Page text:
Like a boat taking on water, the listless U.S. economy had sunk into recession even before the current oil crisis began, a growing number of analysts now say.
"I think we slipped into a recession in August, regardless of the Iraqi situation," said Allen Sinai, chief economist with the Boston Co., a consulting firm.
Although the Persian Gulf crisis is expected to worsen matters, the gloomy opinion is based on other problems: Rising unemployment, lackluster orders for factory goods, sluggish sales to consumers and malaise in the construction industry all seem to underscore a sinking economy.
In addition, many builders and other businesses have had trouble getting loans, creating a "credit crunch" that further weighs down growth.
"It's reasonably clear to me that the economy is in a recession right now," said Sung Won Sohn, chief economist at Norwest Corp., a large financial services firm in Minneapolis.
The oil shock, he continued, makes things worse by cutting into people's buying power at a time when rising unemployment already has started to undermine the economy. "I could punch you, and if you were a strong boxer it wouldn't matter," Sohn said. "But if you were fragile and ill it might knock you down."
Unemployment in July rose to 5.5%--the highest level in two years--from a 5.2% level in June. The Persian Gulf crisis also complicates efforts to solve the $169-billion U.S. budget deficit. Energy taxes, for instance, were a key proposal in congressional efforts to reach a compromise deficit-cutting plan. But such measures have become more controversial since the recent leap in oil prices.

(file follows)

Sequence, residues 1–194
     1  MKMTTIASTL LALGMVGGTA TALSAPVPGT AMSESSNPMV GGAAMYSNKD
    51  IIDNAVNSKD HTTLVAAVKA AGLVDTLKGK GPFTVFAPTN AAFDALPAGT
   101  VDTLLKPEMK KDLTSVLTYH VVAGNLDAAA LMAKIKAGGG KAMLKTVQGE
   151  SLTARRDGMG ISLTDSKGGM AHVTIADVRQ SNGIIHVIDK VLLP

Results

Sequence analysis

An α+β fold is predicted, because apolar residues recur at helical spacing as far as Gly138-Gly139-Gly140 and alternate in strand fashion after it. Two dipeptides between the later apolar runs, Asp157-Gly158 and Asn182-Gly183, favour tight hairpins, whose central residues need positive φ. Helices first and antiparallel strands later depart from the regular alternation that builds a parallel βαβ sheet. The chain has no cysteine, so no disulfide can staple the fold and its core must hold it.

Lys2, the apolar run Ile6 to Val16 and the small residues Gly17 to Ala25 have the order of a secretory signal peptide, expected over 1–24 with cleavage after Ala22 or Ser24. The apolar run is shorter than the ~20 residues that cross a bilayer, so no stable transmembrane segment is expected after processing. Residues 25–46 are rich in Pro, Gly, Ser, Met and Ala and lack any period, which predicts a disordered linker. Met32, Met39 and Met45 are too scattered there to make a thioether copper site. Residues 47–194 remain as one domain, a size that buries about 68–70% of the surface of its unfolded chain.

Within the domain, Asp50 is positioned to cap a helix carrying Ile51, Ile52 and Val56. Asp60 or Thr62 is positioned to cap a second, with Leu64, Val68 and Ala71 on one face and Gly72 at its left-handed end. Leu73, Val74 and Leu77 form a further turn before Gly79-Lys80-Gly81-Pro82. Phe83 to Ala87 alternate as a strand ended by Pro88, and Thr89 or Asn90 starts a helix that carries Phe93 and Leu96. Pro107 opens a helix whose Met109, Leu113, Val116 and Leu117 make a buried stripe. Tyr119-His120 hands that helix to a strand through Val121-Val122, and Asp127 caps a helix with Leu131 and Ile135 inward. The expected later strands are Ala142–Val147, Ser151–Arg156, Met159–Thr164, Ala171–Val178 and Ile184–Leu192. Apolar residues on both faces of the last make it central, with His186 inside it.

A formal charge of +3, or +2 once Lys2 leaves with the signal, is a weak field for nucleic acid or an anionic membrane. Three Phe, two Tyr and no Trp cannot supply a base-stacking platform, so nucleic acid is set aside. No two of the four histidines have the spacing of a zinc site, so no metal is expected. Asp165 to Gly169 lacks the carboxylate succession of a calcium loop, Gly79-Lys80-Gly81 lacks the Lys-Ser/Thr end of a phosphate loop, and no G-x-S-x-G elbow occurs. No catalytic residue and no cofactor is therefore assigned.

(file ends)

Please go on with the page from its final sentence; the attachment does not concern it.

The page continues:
Failing to reduce the deficit would be yet another minus for the economy, analysts say. That is because investors from Japan and other countries help finance the deficit by purchasing U.S. Treasury bonds--but they will do so only if U.S. interest rates remain relatively high. "The budget summit has been totally derailed by this event," argued Donald H. Straszheim, chief economist at the Merrill Lynch investment firm in New York.
U.S. exports remain one of the economy's few buoyant features, but the oil shock threatens that asset, as well. As Japan, South Korea, Taiwan and other U.S. trading partners spend more on energy, they have less left over to buy American-made products. "That says our export performance is likely to deteriorate," Straszheim said.
Straszheim and many economists say the United States may narrowly escape a recession, and instead settle into a time of near-stagnation. In common terms, a recession is a period of at least six months in which economic activity actually shrinks on a national basis.
What is unusual, however, is the growing number of well-known economists from different parts of the country who have concluded that the slump is now here.
In a recession, people become insecure about spending their money, harming retailers and manufacturers. Hard-pressed employers lay off workers, as hard times ripple further into the economy. Experts often disagree on when a slump starts and ends. The official decision is made afterward by the National Bureau of Economic Research, a nonprofit organization in Cambridge, Mass.
"You never know it till it's right on top of you," said A. Gary Shilling, a New York economist who also believes the United States is in a recession.
Others say a recession is starting now. Just last week, the U.S. Chamber of Commerce predicted economic growth would "grind to a virtual standstill" this fall. A recovery is not likely before the second half of 1991, the chamber said.